A Philosopher's Blog

With Enemies Like This

Posted in Politics by Michael LaBossiere on February 13, 2008

I’ve known for some time that the right wing media elite have a great deal of hatred for McCain. The latest (February 18, 2008) issue of Newsweek presents some of what these folks have said about McCain. These folks include James Dobson, Ann Coulter, Rush Limbaugh, Sean Hannity, Laura Ingraham, Michelle Malkin and Glenn Beck.

Having followed Dobson, Coulter and Limbaugh for years, my view of them is that they seem to be, in general, morally mistaken and masters of mere rhetoric. I do suspect that they grasp the basics of logic but know that they realize what I tell my students: poor logic and fallacies tend to have far more persuasive force than good reasoning. Of course, all that I’ve just said can be seen as an ad hominem (a favorite tool of Mr. Limbaugh).

Since I regard the so-called conservative media elite as reliable indicators of the false, the fact that they hate McCain with such venom seems to provide good inductive support for the claim that he would make an excellent President. After all, the plans and policies supported by people like Limbaugh and Coulter seem to be paradigm cases of bad ideas.

Of course, the points of dispute with McCain should be given due consideration.

The first point of contention is that he supported campaign finance reform. While all politicians must avail themselves of the money of others, the right wing Republicans seem to take great umbrage at any attempts to reduce the peddling of influence. However, the effects of such campaign finance seems to be corruption of democracy in favor of the rich. This is not what democracy should be about. Hence, McCain seems to be in the right.

The second point of contention is that McCain supports a compromise on illegal immigration rather than the seemingly xenophobic view endorsed by the right. While the United States needs to reform how it handles immigration and the problem with illegal aliens, the solutions offered by the right are not, in fact, solutions. Walls are ineffective and many of the proposed polices seem to to simply fail to address the reality of the situation. Once again, McCain’s position seems more rational and practical than that of the right.

McCain has also been accused of opposing tax cuts for the rich. Presumably, the fear is that he might actually require the rich to pay more taxes. From a moral standpoint this seems reasonable. The rich generally benefit more from the government (Thoreau has an excellent argument about the rich and the state in his discussion of civil disobedience) and hence should pay more for what they receive. Further, the basic principle of contribution is that if you have more, then you should contribute more. Tax cuts for the rich do help the rich-but the state of the economy shows that they do not benefit the rest of us.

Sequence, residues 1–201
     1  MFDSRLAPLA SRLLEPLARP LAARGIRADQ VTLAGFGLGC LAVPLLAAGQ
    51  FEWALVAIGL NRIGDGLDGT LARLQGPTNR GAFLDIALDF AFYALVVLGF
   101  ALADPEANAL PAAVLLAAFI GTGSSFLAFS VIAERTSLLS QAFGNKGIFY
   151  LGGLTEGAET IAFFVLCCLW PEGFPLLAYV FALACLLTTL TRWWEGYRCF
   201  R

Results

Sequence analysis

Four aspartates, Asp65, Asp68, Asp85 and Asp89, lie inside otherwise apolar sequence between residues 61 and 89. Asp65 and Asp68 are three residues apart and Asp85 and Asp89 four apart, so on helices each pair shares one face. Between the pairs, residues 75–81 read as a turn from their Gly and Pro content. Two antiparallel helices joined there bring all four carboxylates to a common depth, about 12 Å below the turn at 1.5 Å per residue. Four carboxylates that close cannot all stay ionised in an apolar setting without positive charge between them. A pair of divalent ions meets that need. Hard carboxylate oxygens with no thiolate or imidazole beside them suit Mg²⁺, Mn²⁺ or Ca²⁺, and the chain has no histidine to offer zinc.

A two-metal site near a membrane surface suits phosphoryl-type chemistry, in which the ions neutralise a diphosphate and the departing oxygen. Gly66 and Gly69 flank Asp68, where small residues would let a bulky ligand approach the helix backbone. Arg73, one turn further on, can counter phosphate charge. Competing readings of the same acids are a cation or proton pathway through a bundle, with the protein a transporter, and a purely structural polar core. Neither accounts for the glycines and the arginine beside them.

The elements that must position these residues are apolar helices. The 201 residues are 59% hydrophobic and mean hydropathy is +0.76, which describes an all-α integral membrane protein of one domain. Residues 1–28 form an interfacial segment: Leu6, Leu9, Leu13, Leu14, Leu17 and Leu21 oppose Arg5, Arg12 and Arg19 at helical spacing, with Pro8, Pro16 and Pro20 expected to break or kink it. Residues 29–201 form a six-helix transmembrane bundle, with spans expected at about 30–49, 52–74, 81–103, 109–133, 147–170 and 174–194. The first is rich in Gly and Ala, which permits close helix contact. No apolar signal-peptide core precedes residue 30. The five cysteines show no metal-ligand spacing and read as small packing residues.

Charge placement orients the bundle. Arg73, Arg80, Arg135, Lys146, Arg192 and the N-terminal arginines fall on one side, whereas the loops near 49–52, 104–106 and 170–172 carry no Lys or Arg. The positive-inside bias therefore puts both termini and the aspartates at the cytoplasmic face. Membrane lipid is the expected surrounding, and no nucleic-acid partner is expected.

Another major point of contention is that McCain is opposed to prisons like Guantanamo as well as torture. I have argued in a column that torture is morally unacceptable and hence hold that McCain has the correct position on this issue. I also disagree morally with places like Guantanamo. The United States is founded on the notion of the rule of law as well as a commitment to fundamental rights. Places like Guantanamo and the events associated with them are a clear violation of our founding principles. Some right wingers contend that we need to do such things to survive. But, I am with Socrates on this matter. Death will claim us all in the end, we have no choice in this. What is in our power is the choice between good and evil. It is true that survival is the first basic law of nature as Hobbes and Aquinas argued. But, mere life is not enough and it does not profit a man to sell his soul, even to gain the entire earth. I will not purchase my safety through injustice and evil deeds and will never support or tolerate those who would do so. Hence, I think McCain is in the right here.

It is also interesting that none of his detractors have served the country as he did-enduring years of torture and pain as a prisoner of war. He has earned the right to greater respect than they have given him. Apparently it is not part of the ideology of the right to honor those who have truly made sacrifices for America. Rather, they seem devoted to the rich, the xenophobic, those who embrace torture and those who seem content to throw away justice, right and liberty.

I don’t agree with everything McCain believes, but the hatred of the rabid right just improves my opinion of the man. If they hate him, he must be doing something right.